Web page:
Marine protected areas (MPAs) can protect more than just oceans, seas, and estuaries, according to a study published in the scientific journal One Earth. Researchers know these areas preserve aquatic plants and animals, but the new study found out that the benefits of MPAs go far beyond water environments. In the study, the team from the National Center for Scientific Research, PSL Université Paris, in France, explained how marine protected areas help to sequester carbon and fight climate change.
“Marine protected areas are increasingly being promoted as an ocean-based climate solution. Yet such claims remain controversial due to the diffuse and poorly synthesized literature on climate benefits of marine protected areas,” wrote the authors. “To address this knowledge gap, we conducted a systematic literature review of 22,403 publications spanning 241 marine protected areas.”
The team found that carbon sequestration in MPAs increased significantly in mangroves and seagrass areas after trawling was banned. “Partial or full degradation of mangroves and seagrass both resulted in similar decreases of sequestered carbon, indicating that even low levels of human impact result in important carbon emissions.”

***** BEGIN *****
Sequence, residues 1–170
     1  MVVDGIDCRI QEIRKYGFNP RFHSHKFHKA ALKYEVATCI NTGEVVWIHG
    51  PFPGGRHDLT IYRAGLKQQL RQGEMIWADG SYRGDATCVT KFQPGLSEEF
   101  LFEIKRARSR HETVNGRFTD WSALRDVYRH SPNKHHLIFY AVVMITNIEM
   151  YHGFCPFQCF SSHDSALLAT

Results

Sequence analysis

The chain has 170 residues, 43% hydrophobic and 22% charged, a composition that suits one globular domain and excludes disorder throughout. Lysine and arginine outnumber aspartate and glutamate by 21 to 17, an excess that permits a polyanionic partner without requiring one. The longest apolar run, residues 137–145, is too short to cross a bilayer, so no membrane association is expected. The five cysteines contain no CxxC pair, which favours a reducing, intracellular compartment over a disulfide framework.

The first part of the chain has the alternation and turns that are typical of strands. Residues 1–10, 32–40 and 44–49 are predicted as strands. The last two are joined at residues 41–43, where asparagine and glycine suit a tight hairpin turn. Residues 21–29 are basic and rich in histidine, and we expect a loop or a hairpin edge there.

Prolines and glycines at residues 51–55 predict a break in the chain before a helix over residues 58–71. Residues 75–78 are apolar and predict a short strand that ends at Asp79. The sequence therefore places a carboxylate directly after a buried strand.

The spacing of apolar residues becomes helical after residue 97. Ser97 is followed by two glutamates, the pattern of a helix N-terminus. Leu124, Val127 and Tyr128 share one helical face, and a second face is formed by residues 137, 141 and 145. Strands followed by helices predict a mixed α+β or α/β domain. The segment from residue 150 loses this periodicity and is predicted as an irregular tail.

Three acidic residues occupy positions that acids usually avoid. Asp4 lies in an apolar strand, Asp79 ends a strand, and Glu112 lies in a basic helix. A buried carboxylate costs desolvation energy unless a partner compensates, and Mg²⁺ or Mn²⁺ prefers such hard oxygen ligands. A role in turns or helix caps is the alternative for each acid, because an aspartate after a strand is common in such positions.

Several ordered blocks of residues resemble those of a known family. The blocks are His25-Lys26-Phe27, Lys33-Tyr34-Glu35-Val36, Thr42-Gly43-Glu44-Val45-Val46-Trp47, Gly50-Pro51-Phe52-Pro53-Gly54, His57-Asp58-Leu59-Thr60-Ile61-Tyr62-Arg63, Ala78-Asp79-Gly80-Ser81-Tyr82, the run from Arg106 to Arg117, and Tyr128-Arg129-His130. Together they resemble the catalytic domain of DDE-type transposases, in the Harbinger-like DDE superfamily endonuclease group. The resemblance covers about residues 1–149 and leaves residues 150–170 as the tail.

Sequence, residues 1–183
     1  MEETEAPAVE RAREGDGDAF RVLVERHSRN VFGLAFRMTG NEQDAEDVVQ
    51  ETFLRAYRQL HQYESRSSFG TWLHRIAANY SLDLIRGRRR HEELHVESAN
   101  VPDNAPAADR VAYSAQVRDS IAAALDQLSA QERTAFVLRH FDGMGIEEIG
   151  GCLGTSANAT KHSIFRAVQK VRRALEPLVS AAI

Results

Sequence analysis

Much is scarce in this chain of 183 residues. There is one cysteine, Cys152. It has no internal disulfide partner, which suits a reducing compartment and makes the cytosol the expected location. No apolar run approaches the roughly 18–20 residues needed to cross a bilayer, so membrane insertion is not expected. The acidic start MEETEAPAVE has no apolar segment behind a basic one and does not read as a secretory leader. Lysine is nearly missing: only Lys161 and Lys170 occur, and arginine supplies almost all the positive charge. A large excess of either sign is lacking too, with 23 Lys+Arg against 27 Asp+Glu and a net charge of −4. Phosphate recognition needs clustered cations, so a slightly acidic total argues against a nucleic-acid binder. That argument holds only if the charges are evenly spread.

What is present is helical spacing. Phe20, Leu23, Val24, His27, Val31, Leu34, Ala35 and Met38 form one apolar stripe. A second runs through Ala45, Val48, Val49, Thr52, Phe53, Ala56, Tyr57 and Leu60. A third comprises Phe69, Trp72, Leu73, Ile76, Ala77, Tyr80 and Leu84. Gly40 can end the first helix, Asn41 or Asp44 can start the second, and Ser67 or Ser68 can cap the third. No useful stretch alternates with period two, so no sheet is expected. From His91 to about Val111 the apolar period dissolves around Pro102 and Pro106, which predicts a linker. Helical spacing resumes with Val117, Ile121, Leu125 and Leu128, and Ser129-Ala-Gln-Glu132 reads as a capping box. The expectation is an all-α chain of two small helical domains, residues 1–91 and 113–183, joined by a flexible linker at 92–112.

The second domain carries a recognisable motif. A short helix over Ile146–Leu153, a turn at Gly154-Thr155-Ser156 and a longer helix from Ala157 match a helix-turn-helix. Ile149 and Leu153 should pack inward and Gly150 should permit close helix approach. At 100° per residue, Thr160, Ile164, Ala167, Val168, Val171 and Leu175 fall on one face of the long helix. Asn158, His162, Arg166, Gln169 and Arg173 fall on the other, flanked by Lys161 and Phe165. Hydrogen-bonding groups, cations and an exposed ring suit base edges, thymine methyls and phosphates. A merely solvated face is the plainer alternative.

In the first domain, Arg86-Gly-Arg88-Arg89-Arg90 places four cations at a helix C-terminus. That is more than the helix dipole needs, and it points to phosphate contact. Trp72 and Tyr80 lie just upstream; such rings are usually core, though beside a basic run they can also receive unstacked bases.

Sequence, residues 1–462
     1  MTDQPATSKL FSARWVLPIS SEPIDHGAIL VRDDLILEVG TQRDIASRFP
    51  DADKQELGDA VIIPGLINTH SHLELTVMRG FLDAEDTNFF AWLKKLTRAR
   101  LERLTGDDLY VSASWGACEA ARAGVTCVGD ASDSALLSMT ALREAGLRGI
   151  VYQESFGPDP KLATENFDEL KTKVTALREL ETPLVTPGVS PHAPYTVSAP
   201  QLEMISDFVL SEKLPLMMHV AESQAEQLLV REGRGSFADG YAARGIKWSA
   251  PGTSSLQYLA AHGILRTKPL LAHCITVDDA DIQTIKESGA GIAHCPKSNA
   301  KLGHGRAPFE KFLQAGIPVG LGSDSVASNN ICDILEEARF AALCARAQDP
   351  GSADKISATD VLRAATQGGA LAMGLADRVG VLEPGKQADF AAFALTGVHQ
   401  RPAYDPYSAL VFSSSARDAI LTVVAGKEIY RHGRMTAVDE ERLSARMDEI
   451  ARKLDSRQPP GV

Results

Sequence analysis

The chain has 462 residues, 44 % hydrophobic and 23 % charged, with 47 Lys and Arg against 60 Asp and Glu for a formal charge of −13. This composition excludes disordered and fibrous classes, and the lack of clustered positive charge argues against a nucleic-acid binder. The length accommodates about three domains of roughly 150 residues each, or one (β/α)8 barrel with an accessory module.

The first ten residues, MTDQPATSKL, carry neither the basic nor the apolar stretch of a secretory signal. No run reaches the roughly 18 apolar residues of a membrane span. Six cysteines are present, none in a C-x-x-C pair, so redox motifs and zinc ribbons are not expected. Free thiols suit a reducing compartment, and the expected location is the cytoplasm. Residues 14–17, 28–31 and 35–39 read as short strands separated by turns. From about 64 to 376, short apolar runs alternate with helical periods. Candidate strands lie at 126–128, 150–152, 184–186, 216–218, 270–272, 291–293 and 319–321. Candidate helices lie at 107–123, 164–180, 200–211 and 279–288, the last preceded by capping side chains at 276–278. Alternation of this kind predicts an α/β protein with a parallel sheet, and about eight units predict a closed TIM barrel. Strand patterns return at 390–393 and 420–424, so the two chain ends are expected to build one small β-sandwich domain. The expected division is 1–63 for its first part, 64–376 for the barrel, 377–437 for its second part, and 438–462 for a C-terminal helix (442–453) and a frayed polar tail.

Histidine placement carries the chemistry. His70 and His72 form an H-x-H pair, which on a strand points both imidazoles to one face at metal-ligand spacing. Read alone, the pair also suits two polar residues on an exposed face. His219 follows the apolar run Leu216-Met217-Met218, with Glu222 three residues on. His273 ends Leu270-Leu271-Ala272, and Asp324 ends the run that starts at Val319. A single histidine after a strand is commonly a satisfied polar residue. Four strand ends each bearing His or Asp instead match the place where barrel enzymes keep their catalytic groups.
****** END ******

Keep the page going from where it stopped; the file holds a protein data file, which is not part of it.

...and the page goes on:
In addition to increasing carbon sequestration, MPAs became more diverse, with increased species richness, and even showed benefits for humans. These areas had greater food security, especially in terms of better fish stocks. The authors also noticed that benefits increased the more prolonged the site had been protected.
“Across all four pathways analyzed, only full and high levels of protection resulted in mitigation or adaptation benefits,” they wrote. “In contrast, low levels of protection generated no benefits. Furthermore, increases in species richness and in fishers’ income only occurred for fully protected areas, where no fishing is allowed.”
Although MPAs cannot compensate for the full impact of climate change by themselves, they are a crucial tool to protect the environment on a larger scale than previously thought. These results now provide the scientific basis for governmental organisations to address the climate crisis.
Jacquemont J, Blasiak R, Cam, C et al (2022) Ocean conservation boosts climate change mitigation and adaptation. One Earth, 5:1126-1138 https://doi.org/10.1016/j.oneear.2022.09.002